WKC05 High CR123A: Started out at 988 lumens. From there it drops slowly in output. At the fifteen minute mark, the light was very hot, way too hot to touch. I aborted the test for safety reasons and resumed it in another spot with a fan blowing on it. Theoretically there’s no need for a weapon light to be on high mode for 15 minutes straight so this really shouldn’t be an issue. And if you DO need it to be on that long, you may want to use the low mode to conserve battery life. After the restart it very briefly hit max brightness again and then stepped down (presumably with cell voltage) from there until it eventually turned completely off. There’s a significant bend in the curve at around 45 minutes where it’s lost most of the output. Everything after one hour is well below 100 lumens, but it keeps on ticking so it won’t leave you in the dark on CR123A’s.
WKC05 High 18650: Things look pretty different on an 3000mah 18650 cell. Turn-on brightness is a little (but not noticeably) lower at 840 lumens. I started this test without a fan and the light did heat up, but not as much or as quickly as with the two CR123A’s. I did turn on the fan after about 15 minutes just to be safe, but there doesn’t appear to be any thermal regulation so it should not affect the runtime at all. Brightness tracks downward with cell voltage over the next hour and a half, at which point I aborted the test to protect my cell and it was at 3.04V. You get a lot more brightness for a lot longer when using an 18650. You can get even more runtime than this by going with a 3500mah cell.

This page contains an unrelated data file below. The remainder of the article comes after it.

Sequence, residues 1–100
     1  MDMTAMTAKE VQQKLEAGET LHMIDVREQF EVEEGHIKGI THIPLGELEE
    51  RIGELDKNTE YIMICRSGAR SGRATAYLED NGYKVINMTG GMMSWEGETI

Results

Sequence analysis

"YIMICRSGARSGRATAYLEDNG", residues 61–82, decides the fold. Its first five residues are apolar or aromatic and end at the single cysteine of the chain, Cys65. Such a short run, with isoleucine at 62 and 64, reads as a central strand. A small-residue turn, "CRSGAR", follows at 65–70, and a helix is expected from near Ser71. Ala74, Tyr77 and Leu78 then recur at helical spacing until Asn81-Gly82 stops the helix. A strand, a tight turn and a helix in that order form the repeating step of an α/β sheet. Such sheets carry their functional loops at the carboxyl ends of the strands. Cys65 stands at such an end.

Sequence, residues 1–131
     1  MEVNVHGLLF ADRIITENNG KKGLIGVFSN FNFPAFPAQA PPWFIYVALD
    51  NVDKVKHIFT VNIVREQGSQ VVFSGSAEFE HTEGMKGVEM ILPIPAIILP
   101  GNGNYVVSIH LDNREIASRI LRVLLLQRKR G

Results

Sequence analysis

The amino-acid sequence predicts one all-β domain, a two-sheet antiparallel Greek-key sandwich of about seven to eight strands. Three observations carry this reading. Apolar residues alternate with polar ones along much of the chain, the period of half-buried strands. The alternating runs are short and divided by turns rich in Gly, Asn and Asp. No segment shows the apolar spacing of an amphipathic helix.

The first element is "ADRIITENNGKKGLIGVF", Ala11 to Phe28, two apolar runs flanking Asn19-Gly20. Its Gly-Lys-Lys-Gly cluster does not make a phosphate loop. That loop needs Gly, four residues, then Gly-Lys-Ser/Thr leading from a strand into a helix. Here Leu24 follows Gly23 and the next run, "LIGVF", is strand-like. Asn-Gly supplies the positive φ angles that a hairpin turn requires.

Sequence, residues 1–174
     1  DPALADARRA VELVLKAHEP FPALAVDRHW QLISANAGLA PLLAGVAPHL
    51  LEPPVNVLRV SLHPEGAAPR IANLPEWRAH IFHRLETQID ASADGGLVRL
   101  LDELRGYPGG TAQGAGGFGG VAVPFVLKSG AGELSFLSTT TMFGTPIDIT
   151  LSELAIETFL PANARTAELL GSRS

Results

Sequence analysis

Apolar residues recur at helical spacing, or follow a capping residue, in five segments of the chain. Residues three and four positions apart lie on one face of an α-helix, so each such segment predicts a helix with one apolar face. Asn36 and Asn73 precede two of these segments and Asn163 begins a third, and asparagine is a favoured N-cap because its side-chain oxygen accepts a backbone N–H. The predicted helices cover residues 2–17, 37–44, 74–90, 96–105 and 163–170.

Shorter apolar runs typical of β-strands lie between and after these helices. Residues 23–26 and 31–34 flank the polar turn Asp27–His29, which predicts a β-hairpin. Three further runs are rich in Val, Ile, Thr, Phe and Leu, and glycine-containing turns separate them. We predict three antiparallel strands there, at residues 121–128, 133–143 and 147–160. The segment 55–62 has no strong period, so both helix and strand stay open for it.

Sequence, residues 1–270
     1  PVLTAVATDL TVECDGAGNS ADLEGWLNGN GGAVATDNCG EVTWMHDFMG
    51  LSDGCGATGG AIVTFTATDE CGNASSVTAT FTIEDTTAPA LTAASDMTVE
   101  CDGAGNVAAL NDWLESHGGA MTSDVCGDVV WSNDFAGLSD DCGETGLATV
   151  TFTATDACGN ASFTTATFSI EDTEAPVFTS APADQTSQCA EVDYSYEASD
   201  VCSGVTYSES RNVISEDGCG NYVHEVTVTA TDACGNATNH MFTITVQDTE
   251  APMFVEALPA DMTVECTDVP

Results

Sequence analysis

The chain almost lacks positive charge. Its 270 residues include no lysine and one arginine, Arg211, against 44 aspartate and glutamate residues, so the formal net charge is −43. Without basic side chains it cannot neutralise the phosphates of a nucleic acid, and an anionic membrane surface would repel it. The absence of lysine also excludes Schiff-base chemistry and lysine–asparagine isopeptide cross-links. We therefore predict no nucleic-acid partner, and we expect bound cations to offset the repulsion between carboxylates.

HL-X High 18650: For comparison, here’s a test of my HL-X with a 3000mah 18650. HL-X appears to have some more sophisticated circuitry going on. It started out at 911 lumens. There are some stepdowns in the graph but the output is largely flat. Initially it drops down to a lower level than WKC05, and I think that explains why HL-X never got too hot during this test. I’m not sure whether it has thermal regulation or not, but the stepdown did effectively keep it from overheating. Total runtime before I aborted the test to protect my cell was similar to WKC05, just with less brightness in the first half and more in the second half.